While McDonnell sidesteps the issue, his lieutenants are active players. One of his biggest allies placed a late-night call to Pittsylvania County Supervisor Jerry A. Hagerman last summer just before the board was to consider a resolution on whether to support the ban.
Stanley did not know that Hagerman, a retired police investigator who opposes mining, was tape-recording the telephone call. Stanley can be heard saying: “You guys don’t need to vote now. It can save you big personally and politically and you have control of your conscience.” Stanley later said he misspoke. “I’m hoping legislators don’t lift the ban,” Hagerman says.
Just how touchy the topic is came to light in December when Lt. Gov. Bill Bolling, who had been groomed as McDonnell’s replacement, came out publicly against mining. He joins a host of other opponents, including the cities of Norfolk and Virginia Beach, the Virginia Farm Bureau, the Danville Chamber of Commerce, a group of African-American pastors from southwestern Virginia, and, possibly, the North Carolina legislature, which is considering a draft resolution opposing mining just across its northern border. In support are a small business group called Organizers of People for Economic Prosperity and influential Republicans, such as state Sen. John Watkins, who says the project is a “unique opportunity” to create jobs.
Thorough Watkins’ leadership, the Virginia Coal and Energy Commission, a study group, voted 11 to 0 on Jan. 7 to recommend ending the ban. But in a shrewd political ploy, mining would be allowed only in Pittsylvania County, where Virginia Uranium has an interest. The recommendation would not apply to areas including Culpeper, Madison, Orange, and Fauquier Counties—outer bedroom communities for Washington, D.C. that have a number of horse farms and a large population of wealthy people.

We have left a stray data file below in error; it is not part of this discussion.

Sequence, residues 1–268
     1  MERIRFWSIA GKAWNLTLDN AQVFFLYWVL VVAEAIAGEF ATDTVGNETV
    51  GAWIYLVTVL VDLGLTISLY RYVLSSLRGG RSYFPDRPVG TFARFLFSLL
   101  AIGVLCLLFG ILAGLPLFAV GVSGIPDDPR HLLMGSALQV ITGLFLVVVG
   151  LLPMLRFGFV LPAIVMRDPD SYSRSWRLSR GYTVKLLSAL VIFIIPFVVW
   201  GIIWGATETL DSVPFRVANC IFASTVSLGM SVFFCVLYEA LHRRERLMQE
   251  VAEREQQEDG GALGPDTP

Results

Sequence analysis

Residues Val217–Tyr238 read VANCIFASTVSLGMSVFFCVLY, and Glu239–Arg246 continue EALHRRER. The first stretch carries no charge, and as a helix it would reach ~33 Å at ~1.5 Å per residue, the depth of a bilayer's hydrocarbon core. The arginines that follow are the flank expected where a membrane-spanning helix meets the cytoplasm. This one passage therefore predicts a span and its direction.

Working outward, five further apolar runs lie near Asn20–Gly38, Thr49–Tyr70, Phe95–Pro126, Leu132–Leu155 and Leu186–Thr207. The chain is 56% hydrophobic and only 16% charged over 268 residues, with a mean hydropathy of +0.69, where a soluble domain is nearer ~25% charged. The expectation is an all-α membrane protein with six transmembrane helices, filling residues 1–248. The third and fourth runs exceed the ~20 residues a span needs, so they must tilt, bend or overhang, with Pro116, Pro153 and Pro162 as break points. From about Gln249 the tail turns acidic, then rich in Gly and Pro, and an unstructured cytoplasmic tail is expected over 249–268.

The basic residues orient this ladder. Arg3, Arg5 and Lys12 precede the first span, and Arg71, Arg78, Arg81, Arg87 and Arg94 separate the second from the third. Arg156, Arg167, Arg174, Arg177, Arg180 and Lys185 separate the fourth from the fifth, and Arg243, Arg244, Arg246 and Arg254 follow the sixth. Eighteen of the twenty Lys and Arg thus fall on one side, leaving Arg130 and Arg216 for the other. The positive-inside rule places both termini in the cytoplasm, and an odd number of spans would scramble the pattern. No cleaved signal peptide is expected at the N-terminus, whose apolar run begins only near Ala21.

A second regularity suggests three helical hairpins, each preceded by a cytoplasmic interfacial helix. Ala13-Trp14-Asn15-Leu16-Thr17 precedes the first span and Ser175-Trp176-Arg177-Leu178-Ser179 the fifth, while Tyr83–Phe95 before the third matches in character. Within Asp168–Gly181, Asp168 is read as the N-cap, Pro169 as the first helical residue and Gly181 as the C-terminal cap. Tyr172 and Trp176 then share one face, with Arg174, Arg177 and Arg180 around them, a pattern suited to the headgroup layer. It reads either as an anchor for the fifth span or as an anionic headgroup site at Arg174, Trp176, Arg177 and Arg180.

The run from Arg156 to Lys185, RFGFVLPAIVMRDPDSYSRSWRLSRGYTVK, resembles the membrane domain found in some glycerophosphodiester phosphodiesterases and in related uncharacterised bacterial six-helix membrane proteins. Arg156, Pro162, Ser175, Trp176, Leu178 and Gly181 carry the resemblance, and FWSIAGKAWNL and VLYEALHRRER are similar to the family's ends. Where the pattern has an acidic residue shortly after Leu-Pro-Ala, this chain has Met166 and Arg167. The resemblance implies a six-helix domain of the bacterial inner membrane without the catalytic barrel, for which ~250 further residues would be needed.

The ultimate question that may determine the fate of mining in Virginia is whether there is a strong and sustainable market for uranium. In the 1980s, a drop in prices killed the Marline project. When Virginia Uranium got started in 2007, uranium was selling for about $140 a pound. It later dropped to about $70 a pound. After the Fukushima disaster in Japan in March 2011, prices sank to $40 per pound level and remain there.
Although the Virginia Uranium website advertises “Energy for America,” it’s hardly certain its products will be used in this country. A new commercial power plant hasn’t been built in the United States since the 1970s, although four units are being built in South Carolina and Georgia. A new Energy Information Agency study says that growth in electricity demand for the use of nuclear fuel will be less than 1 percent for the next 20 years, far less than earlier predictions, raising more questions about future demand for uranium.
Most of the 60 or more reactors now under construction are in Asia, so it is not likely that Virginia uranium will be of much benefit to this country. In exchange for about 1,000 jobs and some tax money, the state would be stuck with any ill effects from the project for years.

Virginia uranium backers take their message to Capitol

January 10, 2013 | 3:38 pm
Steve Szkotak
RICHMOND, Va. (AP) -- Dozens of Southside Virginia proponents of uranium mining arrived by bus at the Capitol on Thursday as lawmakers provided more details on proposed legislation that would end a 1980s state moratorium on mining the ore used in nuclear power reactors.
The elected officials stressed that the legislation would create a robust, highly regulated environment for uranium mining, which has never been done at full scale on the East Coast, and provide jobs and revenue for Southside Virginia. About 70 mining supporters stood behind them and nodded in agreement.
"I respect the concerns that opponents of uranium mining have expressed," Sen. John Watkins said. "My bill is a sincere attempt to address those concerns."